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WEST LAFAYETTE, Ind. — It’s about that time to start thinking about getting a Christmas tree. That’s if you are wanting to do the traditional thing and get a live Christmas tree for your living room this holiday season.

But one thing Hoosiers are starting to notice is that Christmas trees are a lot more expensive this year than in years past, roughly 12-percent to 24-percent more.

Daniel Cassens, professor emeritus in the Department of Forestry and Natural Resources at Purdue University, is an expert on Christmas trees. He also runs a Christmas tree farm in West Lafayette and has produced award-winning Christmas trees in the past.

He said on top of inflation, in general, playing a role in higher Christmas tree prices, he says the increase dates back to a drought in 2012 that wiped out a lot of farmers’ Christmas tree inventory.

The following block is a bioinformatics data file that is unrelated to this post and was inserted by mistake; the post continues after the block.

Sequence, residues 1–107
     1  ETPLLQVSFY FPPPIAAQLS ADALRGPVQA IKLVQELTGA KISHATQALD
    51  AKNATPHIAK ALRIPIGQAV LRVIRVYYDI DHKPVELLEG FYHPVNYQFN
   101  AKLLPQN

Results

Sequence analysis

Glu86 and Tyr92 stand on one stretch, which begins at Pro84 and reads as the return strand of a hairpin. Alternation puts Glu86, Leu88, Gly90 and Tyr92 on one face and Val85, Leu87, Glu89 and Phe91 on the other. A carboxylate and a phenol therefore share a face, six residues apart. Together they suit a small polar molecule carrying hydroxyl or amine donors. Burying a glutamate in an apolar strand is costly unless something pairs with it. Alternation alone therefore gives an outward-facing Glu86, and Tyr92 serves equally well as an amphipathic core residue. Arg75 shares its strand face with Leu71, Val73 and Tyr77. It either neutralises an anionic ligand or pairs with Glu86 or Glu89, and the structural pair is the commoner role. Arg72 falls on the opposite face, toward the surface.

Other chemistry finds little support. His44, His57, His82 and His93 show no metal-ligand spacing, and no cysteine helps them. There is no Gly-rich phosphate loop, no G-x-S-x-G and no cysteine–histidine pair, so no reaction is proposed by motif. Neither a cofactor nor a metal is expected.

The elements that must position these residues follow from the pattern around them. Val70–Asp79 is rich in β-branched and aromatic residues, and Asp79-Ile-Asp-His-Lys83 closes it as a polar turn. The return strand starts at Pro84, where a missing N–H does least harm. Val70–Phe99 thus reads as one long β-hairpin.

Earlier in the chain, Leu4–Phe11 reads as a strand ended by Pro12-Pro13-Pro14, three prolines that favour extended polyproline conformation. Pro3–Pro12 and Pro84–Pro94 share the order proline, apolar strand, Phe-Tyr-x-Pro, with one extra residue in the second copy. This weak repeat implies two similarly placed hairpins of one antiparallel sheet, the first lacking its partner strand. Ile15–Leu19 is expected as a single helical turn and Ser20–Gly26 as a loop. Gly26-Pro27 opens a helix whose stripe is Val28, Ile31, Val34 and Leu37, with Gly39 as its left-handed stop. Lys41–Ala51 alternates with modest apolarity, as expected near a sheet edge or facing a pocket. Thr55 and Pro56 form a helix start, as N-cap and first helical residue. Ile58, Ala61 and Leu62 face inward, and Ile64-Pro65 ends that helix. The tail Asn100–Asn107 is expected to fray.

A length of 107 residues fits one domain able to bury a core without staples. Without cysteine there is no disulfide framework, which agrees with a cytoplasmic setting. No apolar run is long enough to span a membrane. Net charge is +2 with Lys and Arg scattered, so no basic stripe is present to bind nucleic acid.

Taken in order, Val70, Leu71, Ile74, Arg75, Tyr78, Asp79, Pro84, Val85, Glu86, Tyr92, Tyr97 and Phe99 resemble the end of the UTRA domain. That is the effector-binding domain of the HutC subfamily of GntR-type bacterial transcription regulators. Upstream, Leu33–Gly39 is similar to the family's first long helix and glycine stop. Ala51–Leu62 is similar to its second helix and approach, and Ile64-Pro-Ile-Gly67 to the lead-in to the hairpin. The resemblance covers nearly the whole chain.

“If you lose all your trees, and you’re getting kind of elderly, and you say, ‘Well, why start all over?’ because it takes seven, eight years to produce that first tree once you start over. So that’s part of the factor,” said Cassens on Inside Indiana Business.

If because of this he says there are also fewer Christmas tree growers now, which is only adding more tightness to the market. Though you might be breaking the bank on a Christmas tree this year, Cassens said there is hope for the coming years.

The Real Christmas Tree Board, which monitors the number of available trees in the market, said in a recent survey that in 2018 about 28 million new trees were planted. In 2021, that number was up over 40 million. Cassens said those trees will add tons more inventory to the market.

“It’s going to take eight years for those trees to come to market,” said Cassens. “But when they do, consumers are going to get a break, I think.”

In the meantime, Cassens recommends that you do more with less if you are looking to save money on a Christmas tree. He said you can still make a good Christmas tree with a tree that may not be as high quality as others.